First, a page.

Two years might not be enough time to right the ship of the college basketball regular season.  The simplest solution would be great players and great teams matching up against one another.  The Dukes, Kansas’ and UNC’s of the world are not full of talent and excellence right now. Coach K and Roy Williams, college basketball royalty have gotten criticism for anything and everything this season. Kansas is talented but appears to have been involved to some extent in several odd instances of player eligibility and shoe company messes.

Blame it on AAU, year long youth basketball, what have you. Something feels totally uneventful about this college basketball regular season.


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A quick look at the 2020 NBA MVP race



It looks like it’s down to three in the 2019-20 NBA MVP race. LeBron James had a big weekend beating crosstown rivals Kawhi Leonard as well as Milwaukee on Friday night. He’s 11th in scoring in the NBA amongst a group of guys who jack up on average 20 or more shots and the 37-year old leads the NBA in assists. The Lakers lead the clearly more difficult Western Conference as well.

Until a recent injury, Gianns Antetokounmpo  was thought to be the MVP this season, leading his Bucks to the best overall record in the NBA. Truth be told it’s probably his. Antetokounmpo should be back in action later this week.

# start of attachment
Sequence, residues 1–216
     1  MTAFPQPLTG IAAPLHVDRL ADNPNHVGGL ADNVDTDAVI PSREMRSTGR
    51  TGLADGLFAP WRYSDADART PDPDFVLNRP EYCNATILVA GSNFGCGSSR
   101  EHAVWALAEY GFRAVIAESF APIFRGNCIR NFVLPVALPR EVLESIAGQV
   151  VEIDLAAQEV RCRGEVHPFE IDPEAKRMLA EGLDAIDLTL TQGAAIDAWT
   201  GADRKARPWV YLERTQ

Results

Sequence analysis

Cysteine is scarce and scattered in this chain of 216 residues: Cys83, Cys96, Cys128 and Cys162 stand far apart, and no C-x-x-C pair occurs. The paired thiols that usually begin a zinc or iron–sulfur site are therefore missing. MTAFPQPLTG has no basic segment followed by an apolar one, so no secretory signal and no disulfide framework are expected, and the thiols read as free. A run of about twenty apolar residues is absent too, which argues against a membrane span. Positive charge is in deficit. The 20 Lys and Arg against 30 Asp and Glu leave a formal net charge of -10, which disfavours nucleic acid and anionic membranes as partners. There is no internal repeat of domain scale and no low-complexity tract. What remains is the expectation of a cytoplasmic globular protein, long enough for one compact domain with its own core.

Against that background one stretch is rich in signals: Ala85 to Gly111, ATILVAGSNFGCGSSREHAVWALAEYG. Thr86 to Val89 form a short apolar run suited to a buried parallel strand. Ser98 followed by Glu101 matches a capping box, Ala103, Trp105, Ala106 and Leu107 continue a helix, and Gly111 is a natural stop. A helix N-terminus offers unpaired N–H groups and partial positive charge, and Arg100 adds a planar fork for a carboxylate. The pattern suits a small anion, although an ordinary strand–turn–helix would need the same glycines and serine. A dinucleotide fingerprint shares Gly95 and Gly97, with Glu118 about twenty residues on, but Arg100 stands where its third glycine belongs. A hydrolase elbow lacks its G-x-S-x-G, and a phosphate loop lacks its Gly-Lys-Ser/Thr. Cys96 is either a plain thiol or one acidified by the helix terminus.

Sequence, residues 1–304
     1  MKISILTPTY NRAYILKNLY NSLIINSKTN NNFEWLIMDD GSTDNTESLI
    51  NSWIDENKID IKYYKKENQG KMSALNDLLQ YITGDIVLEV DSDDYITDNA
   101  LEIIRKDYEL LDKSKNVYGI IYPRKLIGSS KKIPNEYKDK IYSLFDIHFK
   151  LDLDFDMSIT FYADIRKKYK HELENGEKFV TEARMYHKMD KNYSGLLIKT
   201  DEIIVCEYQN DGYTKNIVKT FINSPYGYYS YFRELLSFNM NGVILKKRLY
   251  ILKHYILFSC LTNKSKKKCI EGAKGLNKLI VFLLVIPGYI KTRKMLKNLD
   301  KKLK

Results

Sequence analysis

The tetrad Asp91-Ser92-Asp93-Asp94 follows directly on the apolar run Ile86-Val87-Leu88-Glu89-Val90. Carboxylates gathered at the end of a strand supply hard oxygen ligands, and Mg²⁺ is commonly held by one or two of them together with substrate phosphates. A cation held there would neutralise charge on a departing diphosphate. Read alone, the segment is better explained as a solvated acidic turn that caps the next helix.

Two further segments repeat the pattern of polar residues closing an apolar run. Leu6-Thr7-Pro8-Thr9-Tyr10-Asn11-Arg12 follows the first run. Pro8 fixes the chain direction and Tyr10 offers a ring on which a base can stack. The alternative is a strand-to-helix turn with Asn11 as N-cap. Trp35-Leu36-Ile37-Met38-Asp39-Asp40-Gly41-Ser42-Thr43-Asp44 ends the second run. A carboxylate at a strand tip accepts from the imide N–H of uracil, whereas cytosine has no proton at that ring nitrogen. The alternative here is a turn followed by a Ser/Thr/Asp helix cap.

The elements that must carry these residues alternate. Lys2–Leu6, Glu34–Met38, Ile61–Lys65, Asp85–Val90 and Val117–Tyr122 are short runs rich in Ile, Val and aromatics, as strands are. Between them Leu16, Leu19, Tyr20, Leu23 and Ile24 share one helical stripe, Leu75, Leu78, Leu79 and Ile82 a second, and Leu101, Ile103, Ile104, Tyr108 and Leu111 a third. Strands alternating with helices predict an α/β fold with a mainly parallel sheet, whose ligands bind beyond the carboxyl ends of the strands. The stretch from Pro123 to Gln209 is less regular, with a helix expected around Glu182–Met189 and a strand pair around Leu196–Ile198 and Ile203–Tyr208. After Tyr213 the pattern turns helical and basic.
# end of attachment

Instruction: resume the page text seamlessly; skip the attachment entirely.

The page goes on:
Damion Lillard has put up monster numbers and had big games, he’s in the conversation but it will take a small miracle as his Trailblazers currently sit 11th in the western conference standings.

Luka Doncic is a very viable candidate. He’s just been solid in just about every statistical category, 4th in assists, 7th in points, fourth in the efficiency category.

Historically the NBA MVP tends to be an unequal combination of scoring, team wins, and popularity.

If those are in fact the deciding factor Giannis Antetokounmpo is your NBA MVP this season. Sentiment might give it to James.

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The amazing rise of Luka Doncic



At 20 years, 266 days, we might have found our next big star. As if the NBA doesn’t have enough stars.

Luka Doncic’s superior offensive skills have taken the headlines away from a ball-happy James Harde, the return of ‘Melo, Kawhi’s load-management, and LeBron actually playing basketball in November.

So a guy can score? Devin Booker can score and he’s not a star in Phoenix. But Luka Donic seems to have the winning mentality. His points and his domination fit in the flow of the NBA. He’s efficient. He’s on a team coached by Rick Carlise. The same coach who annoyed point guards in years past with his micromanaging.

At 6″7 Luka Doncic is a point guard and he’s good.